While at Countrywide, Mairone was in charge of the High Speed Swim Lane program — better known as the “Hustle” — a plan that removed many of the roadblocks in the mortgage underwriting process that are intended to prevent lenders from issuing loans to borrowers who can’t repay. The notion, alleged prosecutors, was that Countrywide was trying to package up and sell as many loans as possible to Fannie and Freddie under the pretense that the mortgages had been through the normal underwriting procedure.
When nearly half of those loans turned toxic as the economy failed and homeowners were unable to repay, Fannie and Freddie took huge losses. The government subsequently sued under the Financial Institutions Reform, Recovery and Enforcement Act (FIRREA), which deals with the making of false statements to a federally insured financial institution.
Meanwhile, Mairone had long since fled the sinking Countrywide ship and somehow found work at JPMorgan Chase, where she was put in charge of — of all things — the bank’s foreclosure review department.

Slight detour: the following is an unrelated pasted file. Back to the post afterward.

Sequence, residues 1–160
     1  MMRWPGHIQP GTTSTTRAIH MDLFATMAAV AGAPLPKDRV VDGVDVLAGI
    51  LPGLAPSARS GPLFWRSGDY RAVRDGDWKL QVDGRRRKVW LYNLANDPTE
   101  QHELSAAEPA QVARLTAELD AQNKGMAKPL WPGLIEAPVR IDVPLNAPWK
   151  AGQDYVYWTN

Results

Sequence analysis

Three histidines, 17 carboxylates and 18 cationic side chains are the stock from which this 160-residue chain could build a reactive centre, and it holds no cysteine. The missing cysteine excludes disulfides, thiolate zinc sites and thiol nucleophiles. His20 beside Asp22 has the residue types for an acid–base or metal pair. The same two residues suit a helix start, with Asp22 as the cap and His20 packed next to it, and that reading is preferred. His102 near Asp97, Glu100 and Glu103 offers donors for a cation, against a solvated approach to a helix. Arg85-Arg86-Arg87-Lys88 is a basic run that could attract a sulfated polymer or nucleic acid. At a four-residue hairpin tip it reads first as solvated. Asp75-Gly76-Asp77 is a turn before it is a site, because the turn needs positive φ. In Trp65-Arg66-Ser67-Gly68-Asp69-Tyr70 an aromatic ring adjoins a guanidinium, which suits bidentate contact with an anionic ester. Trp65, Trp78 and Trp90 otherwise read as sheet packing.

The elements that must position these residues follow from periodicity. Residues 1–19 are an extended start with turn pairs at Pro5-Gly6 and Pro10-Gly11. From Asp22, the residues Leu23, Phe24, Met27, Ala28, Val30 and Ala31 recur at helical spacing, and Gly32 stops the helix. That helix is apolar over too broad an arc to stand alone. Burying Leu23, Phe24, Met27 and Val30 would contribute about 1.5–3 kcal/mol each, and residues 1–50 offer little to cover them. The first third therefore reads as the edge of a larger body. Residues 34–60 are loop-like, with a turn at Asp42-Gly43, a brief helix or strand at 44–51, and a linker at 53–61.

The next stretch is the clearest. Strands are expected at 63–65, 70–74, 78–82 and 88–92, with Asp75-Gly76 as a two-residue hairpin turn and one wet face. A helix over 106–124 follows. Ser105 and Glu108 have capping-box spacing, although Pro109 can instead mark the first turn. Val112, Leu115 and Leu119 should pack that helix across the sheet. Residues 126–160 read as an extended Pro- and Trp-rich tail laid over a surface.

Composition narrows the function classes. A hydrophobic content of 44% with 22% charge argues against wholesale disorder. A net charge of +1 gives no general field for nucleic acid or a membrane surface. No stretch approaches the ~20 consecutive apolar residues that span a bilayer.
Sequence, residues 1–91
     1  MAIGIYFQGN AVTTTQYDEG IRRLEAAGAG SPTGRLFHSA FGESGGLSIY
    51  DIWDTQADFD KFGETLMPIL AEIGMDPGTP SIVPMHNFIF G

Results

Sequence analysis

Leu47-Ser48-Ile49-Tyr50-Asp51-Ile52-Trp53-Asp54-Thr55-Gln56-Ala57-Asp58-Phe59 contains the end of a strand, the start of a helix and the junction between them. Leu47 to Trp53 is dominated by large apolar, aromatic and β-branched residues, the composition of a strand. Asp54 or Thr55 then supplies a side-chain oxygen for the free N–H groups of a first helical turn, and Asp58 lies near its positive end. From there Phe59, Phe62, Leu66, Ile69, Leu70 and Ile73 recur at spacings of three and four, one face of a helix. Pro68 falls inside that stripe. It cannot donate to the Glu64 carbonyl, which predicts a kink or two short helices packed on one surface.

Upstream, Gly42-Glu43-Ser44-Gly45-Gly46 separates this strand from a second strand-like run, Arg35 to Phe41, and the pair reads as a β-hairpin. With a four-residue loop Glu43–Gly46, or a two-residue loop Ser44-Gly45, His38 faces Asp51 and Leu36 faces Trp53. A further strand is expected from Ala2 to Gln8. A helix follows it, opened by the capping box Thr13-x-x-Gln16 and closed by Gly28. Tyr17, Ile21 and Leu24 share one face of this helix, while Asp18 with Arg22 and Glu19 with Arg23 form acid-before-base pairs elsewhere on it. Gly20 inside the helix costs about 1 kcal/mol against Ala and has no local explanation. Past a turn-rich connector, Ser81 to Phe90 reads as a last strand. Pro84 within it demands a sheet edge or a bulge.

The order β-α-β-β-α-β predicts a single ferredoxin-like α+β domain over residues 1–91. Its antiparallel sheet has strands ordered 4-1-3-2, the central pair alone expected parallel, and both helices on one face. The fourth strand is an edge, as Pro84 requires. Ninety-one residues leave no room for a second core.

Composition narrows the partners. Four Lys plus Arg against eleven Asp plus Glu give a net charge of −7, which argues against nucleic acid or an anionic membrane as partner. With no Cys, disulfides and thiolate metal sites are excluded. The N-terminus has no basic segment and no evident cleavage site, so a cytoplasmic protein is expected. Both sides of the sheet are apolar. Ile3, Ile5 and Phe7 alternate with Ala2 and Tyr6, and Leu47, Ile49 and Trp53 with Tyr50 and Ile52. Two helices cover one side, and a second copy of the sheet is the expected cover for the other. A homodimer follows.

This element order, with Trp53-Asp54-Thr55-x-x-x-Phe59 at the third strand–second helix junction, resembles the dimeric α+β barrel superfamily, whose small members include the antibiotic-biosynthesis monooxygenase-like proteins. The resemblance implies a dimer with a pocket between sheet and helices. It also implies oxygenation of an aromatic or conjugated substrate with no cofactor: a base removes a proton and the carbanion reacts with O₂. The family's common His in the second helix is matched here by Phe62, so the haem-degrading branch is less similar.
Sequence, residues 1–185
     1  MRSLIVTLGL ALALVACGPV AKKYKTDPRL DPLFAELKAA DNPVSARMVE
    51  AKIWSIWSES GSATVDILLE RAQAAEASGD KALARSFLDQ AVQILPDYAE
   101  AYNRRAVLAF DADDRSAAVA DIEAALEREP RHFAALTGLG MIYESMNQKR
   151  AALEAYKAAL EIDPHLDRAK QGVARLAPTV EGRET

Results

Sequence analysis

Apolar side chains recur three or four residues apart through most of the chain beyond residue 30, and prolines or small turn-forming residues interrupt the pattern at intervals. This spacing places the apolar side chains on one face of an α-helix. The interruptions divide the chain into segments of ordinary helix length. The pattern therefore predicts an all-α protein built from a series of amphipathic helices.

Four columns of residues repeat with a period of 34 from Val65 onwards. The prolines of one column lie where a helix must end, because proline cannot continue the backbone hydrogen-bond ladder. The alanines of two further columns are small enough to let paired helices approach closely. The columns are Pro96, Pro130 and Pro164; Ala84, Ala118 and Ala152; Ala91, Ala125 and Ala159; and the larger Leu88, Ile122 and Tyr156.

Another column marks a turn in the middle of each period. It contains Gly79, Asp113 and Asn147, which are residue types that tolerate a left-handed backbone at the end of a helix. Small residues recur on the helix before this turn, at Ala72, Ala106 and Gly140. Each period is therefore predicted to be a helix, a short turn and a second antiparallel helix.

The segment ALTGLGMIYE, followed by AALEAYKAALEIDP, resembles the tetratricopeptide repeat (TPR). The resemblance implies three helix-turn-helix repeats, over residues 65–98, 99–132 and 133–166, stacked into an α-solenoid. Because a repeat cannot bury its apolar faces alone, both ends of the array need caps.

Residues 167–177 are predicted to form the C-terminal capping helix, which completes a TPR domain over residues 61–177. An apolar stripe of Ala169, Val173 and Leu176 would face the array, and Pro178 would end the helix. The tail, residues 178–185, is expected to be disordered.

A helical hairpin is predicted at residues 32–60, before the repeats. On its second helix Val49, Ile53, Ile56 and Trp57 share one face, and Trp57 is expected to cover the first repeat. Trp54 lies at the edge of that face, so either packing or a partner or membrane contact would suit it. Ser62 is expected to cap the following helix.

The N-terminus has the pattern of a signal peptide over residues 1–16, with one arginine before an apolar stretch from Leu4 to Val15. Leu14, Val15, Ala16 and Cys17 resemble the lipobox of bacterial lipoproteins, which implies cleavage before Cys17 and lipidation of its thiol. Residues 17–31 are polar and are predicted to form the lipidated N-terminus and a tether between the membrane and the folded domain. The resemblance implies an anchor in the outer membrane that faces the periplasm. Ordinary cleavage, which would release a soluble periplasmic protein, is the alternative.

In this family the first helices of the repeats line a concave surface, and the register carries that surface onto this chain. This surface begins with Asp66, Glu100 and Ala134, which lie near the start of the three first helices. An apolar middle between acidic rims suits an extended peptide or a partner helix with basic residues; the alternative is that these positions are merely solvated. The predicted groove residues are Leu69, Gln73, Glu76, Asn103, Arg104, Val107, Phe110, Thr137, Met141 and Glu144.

When it came time for the court to determine the penalty for Mairone, it initially set the $1.1 million figure based on her ability to pay. But then, according to the Wall Street Journal, she earned a $487,000 bonus from Chase, causing prosecutors to rethink how much she should have to pay.
The new figure could be as little as $1.2 million and as much as $1.6 million, which would effectively negate her bonus from Chase.